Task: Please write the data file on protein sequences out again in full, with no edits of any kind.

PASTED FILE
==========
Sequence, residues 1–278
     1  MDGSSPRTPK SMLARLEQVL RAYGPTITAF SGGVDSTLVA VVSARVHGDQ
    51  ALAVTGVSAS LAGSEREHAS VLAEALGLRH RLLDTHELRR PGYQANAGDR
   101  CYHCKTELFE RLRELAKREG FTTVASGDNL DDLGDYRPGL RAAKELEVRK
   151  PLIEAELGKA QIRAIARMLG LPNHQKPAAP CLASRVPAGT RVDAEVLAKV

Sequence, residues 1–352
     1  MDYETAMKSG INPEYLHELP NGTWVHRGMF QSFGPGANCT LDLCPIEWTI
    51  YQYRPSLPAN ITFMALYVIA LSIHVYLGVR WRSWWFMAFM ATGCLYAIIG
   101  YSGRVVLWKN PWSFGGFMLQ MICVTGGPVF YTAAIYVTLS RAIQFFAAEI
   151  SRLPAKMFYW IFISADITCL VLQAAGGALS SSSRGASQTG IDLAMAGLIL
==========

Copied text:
Sequence, residues 1–278
     1  MDGSSPRTPK SMLARLEQVL RAYGPTITAF SGGVDSTLVA VVSARVHGDQ
    51  ALAVTGVSAS LAGSEREHAS VLAEALGLRH RLLDTHELRR PGYQANAGDR
   101  CYHCKTELFE RLRELAKREG FTTVASGDNL DDLGDYRPGL RAAKELEVRK
   151  PLIEAELGKA QIRAIARMLG LPNHQKPAAP CLASRVPAGT RVDAEVLAKV

Sequence, residues 1–352
     1  MDYETAMKSG INPEYLHELP NGTWVHRGMF QSFGPGANCT LDLCPIEWTI
    51  YQYRPSLPAN ITFMALYVIA LSIHVYLGVR WRSWWFMAFM ATGCLYAIIG
   101  YSGRVVLWKN PWSFGGFMLQ MICVTGGPVF YTAAIYVTLS RAIQFFAAEI
   151  SRLPAKMFYW IFISADITCL VLQAAGGALS SSSRGASQTG IDLAMAGLIL